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What is endometrial hyperplasia?

Endometrial hyperplasia occurs when the endometrium, the lining of the uterus, becomes too thick. It is not cancer, but in some cases, it can lead to cancer of the uterus. Thus  the main concerns is the potential malignant transformation of the endometrial hyperplasia to the endometrial cancer.


How does the endometrium normally change throughout the menstrual cycle?

The endometrium changes throughout the menstrual cycle in response to hormones. During the first part of the cycle, the hormone estrogen is made by the ovaries. Estrogen causes the lining to grow and thicken to prepare the uterus for pregnancy. In the middle of the cycle, an egg is released from one of the ovaries (ovulation). Following ovulation, levels of another hormone called progesterone begin to increase. Progesterone prepares the endometrium to receive and nourish a fertilized egg. If pregnancy does not occur, estrogen and progesterone levels decrease. The decrease in progesterone triggers menstruation, or shedding of the lining. Once the lining is completely shed, a new menstrual cycle begins.


What causes endometrial hyperplasia?
Endometrial hyperplasia most often is caused by continuous excess estrogen without progesterone exposure as happen in women who do not form egg. If ovulation does not occur, progesterone is not made, and the lining is not shed. The endometrium may continue to grow in response to estrogen. The cells that make up the lining may crowd together and may become abnormal. This condition, called hyperplasia, may lead to cancer in some women. Hyperplasia often spontaneously reverts to normal, particularly if it occurs at a low level during the hormone changes associated with perimenopause (the beginning of menopause). If it does not revert to normal, hyperplasia may progress through a series of stages.

Premenopausal hyperplasia often reverts to normal in the early, simple, or cystic stages. When it does not revert to normal, the endometrium may continue to thicken and develop into adenomatous, complex hyperplasia with atypia. If untreated it may develop into endometrial cancer.


When does endometrial hyperplasia occur?

Endometrial hyperplasia usually occurs after menopause, when ovulation stops and progesterone is no longer made. It also can occur during perimenopause, when ovulation may not occur regularly. Listed as follows are other situations in which women may have high levels of estrogen and not enough progesterone:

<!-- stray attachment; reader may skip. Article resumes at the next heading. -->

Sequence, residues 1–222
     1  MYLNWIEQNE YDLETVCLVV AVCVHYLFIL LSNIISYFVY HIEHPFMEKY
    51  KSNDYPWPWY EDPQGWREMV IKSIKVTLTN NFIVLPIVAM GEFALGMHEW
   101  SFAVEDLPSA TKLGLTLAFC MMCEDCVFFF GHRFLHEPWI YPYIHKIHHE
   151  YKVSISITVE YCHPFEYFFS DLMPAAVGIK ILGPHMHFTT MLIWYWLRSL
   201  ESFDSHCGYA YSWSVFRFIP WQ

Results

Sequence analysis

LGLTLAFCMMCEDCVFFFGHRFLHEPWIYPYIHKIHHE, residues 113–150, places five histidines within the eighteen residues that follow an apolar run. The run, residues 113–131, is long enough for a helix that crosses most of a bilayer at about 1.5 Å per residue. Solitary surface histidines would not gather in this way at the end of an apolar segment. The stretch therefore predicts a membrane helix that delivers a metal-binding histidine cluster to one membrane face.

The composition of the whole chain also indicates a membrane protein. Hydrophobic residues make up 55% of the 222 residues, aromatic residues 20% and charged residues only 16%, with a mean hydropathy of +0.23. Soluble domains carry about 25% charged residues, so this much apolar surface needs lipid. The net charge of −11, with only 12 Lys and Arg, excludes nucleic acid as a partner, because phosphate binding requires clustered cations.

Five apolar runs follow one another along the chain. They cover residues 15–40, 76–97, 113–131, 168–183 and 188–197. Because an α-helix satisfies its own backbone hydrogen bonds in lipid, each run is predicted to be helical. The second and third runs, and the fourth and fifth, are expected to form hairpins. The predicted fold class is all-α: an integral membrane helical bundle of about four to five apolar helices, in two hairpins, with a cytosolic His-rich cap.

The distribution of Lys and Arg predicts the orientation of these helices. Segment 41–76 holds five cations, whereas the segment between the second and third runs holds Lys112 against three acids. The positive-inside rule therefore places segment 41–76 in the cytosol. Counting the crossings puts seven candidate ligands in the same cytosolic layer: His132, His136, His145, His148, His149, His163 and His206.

Use of medications that act like estrogen

         Long-term use of high doses of estrogen after menopause (in women who have not had a hysterectomy)

         Irregular menstrual periods, especially associated with polycystic ovary syndrome or infertility



What risk factors are associated with endometrial hyperplasia?

Endometrial hyperplasia is more likely to occur in women with the following risk factors:

         Age older than 35 years

         White race

         Never having been pregnant

         Older age at menopause

         Early age when menstruation started

         Personal history of certain conditions, such as diabetes mellitus, polycystic ovary syndrome, gallbladder disease, or thyroid disease


         Cigarette smoking

         Family history of ovarian, colon, or uterine cancer


What are signs and symptoms of endometrial hyperplasia?

The most common sign of hyperplasia is abnormal uterine bleeding. If you have any of the following, you should see your health care provider:

         Bleeding during the menstrual period that is heavier or lasts longer than usual

         Menstrual cycles that are shorter than 21 days (counting from the first day of the menstrual period to the first day of the next menstrual period)

         Any bleeding after menopause


How is endometrial hyperplasia diagnosed?